I have always had a super sensitive nose. I can pick up on smells most can’t, which can be a blessing and a curse — as a result, I’ve experienced side effects. So many smells make me either nauseous or give me terrible headaches. This happens when I smell certain perfumes, air sprays, and candles. I researched this and discovered there are others like me.
It turns out that fragrances are largely the culprit. According to The Food and Drug Administration (FDA), a fragrance is defined as “any natural or synthetic substance or substances used solely to impart an odor to a cosmetic product.” This can be any combination of chemicals derived from petroleum or natural raw materials. The source of the fragrance is rarely listed on a product; the definition is solely for cosmetic product regulation.
Regulations change depending on what a product is classified under, for example, cosmetic versus cleaner. With this comes a gray area of undisclosed chemicals. The International Fragrance Association (IFRA) lists 3,059 materials being used for fragrance compounds. Some of the chemicals in this long list have been linked to serious health problems. Fragrances are found in our everyday products and cosmetics, including body lotions, cleaning products, laundry detergents, and fabric softeners. The fragrance is just the first of many harmful chemicals often added to everyday products.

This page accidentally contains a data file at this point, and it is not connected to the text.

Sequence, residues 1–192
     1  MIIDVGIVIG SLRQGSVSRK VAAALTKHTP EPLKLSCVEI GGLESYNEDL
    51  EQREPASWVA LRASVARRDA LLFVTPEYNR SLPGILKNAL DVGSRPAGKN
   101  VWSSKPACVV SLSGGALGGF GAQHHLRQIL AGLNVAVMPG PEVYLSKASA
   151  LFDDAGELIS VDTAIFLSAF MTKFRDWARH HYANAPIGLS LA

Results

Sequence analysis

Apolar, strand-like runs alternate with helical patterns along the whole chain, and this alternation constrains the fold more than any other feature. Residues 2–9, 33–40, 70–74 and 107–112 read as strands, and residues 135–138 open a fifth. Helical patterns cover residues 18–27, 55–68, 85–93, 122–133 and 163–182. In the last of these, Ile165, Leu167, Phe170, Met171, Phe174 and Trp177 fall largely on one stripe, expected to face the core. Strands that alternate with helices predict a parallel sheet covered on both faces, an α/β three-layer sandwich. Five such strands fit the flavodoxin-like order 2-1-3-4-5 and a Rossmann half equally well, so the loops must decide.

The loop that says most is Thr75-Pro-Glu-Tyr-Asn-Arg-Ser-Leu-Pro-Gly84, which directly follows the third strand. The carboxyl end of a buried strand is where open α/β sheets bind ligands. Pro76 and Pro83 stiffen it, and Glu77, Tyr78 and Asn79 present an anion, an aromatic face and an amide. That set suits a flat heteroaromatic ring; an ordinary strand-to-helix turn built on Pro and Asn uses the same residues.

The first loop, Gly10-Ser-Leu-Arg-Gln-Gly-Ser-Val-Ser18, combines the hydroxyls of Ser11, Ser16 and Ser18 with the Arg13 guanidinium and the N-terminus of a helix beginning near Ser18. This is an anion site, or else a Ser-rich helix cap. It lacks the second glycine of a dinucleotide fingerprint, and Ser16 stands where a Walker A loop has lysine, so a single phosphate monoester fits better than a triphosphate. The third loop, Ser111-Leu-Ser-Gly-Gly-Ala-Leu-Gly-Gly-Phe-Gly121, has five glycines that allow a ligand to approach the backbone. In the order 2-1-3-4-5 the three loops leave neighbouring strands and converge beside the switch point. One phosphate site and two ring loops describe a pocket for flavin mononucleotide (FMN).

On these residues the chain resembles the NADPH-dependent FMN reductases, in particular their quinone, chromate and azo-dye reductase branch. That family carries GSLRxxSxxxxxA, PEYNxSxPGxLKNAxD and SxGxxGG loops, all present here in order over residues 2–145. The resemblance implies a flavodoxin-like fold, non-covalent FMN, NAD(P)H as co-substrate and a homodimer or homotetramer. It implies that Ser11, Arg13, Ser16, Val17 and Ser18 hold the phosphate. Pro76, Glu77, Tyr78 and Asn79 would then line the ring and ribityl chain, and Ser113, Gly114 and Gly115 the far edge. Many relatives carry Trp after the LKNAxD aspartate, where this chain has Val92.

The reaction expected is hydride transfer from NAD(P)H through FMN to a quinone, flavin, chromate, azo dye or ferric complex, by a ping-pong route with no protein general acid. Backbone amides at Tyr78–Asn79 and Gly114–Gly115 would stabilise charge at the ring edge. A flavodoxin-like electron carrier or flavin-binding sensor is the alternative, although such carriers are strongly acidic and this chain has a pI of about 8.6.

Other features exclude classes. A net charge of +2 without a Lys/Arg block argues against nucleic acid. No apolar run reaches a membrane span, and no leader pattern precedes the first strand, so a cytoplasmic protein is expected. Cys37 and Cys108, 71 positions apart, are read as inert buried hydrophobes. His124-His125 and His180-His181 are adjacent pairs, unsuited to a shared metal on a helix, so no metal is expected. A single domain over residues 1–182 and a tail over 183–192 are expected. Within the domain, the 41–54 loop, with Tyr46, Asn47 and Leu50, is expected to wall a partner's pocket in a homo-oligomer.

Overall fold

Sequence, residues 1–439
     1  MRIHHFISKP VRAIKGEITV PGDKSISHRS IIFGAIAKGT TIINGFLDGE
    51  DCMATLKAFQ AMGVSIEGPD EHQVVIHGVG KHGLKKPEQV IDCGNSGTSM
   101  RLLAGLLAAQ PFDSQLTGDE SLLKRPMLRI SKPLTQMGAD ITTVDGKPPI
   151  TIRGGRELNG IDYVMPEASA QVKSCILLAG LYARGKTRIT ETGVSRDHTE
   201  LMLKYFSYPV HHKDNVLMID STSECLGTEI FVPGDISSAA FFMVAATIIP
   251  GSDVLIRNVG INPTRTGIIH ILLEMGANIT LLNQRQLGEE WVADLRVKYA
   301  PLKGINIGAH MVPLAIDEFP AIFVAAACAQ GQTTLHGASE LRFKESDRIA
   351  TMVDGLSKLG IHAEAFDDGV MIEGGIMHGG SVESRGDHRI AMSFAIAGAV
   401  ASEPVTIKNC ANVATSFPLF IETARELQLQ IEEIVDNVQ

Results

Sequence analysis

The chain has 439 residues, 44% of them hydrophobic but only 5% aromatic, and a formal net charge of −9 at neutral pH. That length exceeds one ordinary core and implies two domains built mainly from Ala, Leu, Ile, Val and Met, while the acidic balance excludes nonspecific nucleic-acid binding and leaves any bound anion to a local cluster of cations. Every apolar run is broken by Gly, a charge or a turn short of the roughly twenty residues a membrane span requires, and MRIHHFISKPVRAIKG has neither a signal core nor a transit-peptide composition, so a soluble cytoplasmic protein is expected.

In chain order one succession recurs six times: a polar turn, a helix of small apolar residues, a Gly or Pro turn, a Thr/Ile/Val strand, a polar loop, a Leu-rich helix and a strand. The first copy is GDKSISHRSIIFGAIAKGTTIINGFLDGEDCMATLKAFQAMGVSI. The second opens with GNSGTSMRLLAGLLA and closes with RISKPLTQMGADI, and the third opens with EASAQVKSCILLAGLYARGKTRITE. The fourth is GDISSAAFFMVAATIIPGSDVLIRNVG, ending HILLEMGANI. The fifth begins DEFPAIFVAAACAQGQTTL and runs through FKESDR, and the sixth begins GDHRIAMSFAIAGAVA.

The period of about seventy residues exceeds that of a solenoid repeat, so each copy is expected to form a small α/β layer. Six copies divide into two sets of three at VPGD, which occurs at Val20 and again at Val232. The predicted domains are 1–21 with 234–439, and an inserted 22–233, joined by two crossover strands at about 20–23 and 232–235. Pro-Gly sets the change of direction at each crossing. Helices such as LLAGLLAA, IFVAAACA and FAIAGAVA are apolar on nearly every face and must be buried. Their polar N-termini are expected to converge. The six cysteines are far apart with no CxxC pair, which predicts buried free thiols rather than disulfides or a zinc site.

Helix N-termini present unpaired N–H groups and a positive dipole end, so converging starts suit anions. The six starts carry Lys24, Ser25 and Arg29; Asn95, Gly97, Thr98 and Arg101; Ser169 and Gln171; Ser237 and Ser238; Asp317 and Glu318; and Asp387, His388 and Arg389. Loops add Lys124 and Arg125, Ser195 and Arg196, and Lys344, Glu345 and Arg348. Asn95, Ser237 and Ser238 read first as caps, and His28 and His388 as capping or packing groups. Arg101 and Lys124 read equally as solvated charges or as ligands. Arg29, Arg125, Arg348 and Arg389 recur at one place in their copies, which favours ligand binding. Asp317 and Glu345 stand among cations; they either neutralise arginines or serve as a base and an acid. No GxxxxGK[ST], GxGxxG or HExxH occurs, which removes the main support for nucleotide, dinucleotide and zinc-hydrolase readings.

Over time I have learned to read labels, slowly replacing items with products that are more transparent about what they contain, and with safer ingredients. I use the Environmental Working Group (EWG) phone app to look up ingredients and products. Some companies are doing a fantastic job of informing you what ingredients are inside their products; Attitude, a brand with a terrific transparency platform, is one example of this.
If I can’t afford a safer product (because being safer sometimes means it’s more expensive) or I can’t find a suitable replacement, I try to find ways to make my own. Making your products can be much more affordable, and you have 100% control over the ingredients that are included. Try creating your own fabric softener!
Easy Homemade Fabric Softener
6 cups white vinegar
⅛ cup vegetable glycerin
15-20 drops essential oil
Wisdom in the Margins: Remember to use safe, pure essential oils. Some are toxic to animals and children; do your research. Always dilute oils before putting them on your skin. Never ingest.